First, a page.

In this video with Business Insider I talk about how elite athletes can reframe the way they think about “slumps” in their performance. By accepting a slump as a statistically acceptable aberration and a period for adjustment, elite athletes are more likely to get back in the zone and perform to the best of their ability.
In this video clip I talk to Dr. Manny about my new book, Life as Sport, and how anyone can reach their goals using the skills taught to elite performers.
Athletes train not only physically, but mentally to compete against the best in their sport as well as themselves. Life As Sport details evidence-based techniques to calm yourself down and focus your efforts whether you’re on the playing field, the training floor or at home with your kids.
Through positive self-talk, it’s possible to accept defeats as an inevitable part of life and shape them into learning experiences. Surfer Laird Hamilton, in addition to other athletic professionals, promote positive self-talk and enjoyment in Life As Sport.
Last week in the final round of the Masters, Jordan Spieth shocked both fans and viewers alike when he made two water shots and a bunker, losing his five shot lead. Spieth fell from first to third place in a short 30 minutes in what’s being described as “one of the worst collapses in golf history.”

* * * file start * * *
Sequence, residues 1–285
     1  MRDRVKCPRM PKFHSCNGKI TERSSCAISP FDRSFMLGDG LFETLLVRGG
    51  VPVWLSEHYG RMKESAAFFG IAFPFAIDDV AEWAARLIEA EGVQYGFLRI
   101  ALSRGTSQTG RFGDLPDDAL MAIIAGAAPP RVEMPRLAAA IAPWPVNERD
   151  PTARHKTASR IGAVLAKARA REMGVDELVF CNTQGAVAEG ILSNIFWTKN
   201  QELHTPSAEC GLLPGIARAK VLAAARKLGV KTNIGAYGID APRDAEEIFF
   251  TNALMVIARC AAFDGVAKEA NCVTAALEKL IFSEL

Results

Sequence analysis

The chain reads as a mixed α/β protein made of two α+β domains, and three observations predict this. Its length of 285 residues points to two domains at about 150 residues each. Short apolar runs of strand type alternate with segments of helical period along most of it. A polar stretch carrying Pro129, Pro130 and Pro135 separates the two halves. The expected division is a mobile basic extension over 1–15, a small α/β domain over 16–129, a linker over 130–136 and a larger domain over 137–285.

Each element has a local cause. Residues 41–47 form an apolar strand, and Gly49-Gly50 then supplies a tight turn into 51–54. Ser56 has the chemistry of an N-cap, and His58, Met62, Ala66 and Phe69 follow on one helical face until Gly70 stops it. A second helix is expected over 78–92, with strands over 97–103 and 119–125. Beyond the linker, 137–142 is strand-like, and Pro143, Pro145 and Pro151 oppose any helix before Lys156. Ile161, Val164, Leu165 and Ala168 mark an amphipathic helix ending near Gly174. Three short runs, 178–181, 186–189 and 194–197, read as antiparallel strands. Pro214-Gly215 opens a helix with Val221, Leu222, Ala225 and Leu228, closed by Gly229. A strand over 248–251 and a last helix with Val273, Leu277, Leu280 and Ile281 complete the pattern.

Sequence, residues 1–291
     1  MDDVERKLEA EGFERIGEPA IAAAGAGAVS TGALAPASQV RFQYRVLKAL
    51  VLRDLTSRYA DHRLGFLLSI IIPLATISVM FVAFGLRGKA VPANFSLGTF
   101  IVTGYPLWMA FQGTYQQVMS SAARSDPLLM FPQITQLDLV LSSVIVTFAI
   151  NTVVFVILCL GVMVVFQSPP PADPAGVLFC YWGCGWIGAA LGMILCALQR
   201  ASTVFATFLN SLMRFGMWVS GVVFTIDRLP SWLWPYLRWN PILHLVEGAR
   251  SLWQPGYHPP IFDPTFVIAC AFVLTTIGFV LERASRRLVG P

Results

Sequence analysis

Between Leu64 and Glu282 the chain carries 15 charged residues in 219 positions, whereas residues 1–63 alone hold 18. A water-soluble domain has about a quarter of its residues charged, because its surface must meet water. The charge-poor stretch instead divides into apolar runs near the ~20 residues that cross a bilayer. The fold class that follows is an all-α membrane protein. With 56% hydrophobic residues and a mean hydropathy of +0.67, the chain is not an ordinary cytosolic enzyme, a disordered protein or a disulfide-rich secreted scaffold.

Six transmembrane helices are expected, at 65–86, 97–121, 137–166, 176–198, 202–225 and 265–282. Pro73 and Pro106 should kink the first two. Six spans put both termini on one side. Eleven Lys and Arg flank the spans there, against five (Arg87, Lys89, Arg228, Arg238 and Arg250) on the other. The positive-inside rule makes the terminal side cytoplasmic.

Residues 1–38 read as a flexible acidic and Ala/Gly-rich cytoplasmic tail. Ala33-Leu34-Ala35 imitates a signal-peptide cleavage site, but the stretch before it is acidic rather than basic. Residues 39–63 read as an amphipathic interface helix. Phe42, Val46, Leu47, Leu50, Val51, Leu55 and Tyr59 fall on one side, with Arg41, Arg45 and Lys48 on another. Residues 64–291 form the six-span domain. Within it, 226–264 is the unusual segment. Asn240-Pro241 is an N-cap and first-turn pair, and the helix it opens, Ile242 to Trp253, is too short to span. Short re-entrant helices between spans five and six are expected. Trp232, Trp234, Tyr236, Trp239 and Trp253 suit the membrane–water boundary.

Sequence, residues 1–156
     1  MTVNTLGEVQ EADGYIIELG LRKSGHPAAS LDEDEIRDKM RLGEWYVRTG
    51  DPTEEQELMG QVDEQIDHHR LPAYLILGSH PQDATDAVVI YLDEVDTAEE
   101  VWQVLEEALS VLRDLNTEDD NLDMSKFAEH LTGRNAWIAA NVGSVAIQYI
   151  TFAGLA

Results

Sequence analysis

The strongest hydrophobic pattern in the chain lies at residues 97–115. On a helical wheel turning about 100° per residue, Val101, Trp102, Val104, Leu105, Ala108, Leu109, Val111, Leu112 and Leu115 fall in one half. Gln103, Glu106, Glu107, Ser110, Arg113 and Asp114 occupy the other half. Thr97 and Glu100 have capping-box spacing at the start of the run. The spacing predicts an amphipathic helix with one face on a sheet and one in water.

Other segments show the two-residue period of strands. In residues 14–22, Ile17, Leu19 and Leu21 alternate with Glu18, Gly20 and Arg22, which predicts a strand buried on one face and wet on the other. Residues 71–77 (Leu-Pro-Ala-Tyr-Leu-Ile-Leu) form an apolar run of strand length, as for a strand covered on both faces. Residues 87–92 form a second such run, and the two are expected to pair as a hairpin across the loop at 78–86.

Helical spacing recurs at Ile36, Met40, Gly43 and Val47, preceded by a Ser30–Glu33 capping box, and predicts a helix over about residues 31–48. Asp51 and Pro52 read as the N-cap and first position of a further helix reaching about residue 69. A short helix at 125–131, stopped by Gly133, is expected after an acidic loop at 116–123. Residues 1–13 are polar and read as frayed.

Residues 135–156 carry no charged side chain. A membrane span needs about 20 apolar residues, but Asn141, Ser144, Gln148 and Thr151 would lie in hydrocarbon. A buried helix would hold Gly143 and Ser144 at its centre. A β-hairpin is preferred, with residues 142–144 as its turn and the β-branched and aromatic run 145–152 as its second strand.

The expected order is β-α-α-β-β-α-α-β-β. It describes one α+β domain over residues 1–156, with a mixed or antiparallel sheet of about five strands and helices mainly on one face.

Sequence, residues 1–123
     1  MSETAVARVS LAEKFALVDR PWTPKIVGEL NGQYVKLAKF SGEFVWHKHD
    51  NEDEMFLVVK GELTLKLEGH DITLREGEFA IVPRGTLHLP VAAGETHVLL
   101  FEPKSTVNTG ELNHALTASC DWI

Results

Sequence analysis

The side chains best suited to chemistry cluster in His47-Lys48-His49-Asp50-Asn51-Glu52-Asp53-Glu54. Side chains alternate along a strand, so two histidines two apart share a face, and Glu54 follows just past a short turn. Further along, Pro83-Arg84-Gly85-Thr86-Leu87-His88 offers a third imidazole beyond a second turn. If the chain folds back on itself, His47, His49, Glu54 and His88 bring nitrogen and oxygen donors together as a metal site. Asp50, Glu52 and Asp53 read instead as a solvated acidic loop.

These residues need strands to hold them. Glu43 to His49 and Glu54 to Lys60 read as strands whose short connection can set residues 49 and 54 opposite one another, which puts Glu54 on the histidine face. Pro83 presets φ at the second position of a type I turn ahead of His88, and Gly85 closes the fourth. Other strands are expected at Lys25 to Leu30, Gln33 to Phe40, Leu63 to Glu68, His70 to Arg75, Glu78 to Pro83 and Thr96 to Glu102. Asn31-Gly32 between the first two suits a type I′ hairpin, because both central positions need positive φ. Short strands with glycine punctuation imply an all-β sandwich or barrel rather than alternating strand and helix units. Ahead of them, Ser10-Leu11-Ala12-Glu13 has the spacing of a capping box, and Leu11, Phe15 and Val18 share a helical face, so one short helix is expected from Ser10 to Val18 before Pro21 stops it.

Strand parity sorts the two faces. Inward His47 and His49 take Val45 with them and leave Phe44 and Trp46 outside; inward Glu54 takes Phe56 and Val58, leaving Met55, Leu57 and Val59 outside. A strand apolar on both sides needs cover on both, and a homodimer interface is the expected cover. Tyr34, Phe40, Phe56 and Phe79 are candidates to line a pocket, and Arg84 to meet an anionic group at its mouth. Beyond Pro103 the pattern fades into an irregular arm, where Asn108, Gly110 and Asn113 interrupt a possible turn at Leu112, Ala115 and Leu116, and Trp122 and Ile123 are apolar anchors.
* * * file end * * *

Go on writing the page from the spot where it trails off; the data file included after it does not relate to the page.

Being a sports fan is stressful. Avid football fans can experience changes in blood pressure, cortisol and testosterone levels throughout the season. A study indicates fans are more likely to experience cardiac problems when they’re stressed out from cheering on their favorite team.
In this video I speak with Charlie Rose, Norah O’Donnell and Gayle King from CBS about relief from sideline stress and offer tips for fans on how to physically and emotionally disengage once the game is over.
Wall Street is like a battlefield. You have to have both mental sharpness and mental toughness to best your competitor and succeed.
In this video I discuss the Sun Tzu’s “The Art of War” and apply its insights to the cutthroat world of Wall Street. I outline which of ‘the five dangerous faults’ are most applicable and emphasize the important balance between risks and recklessness.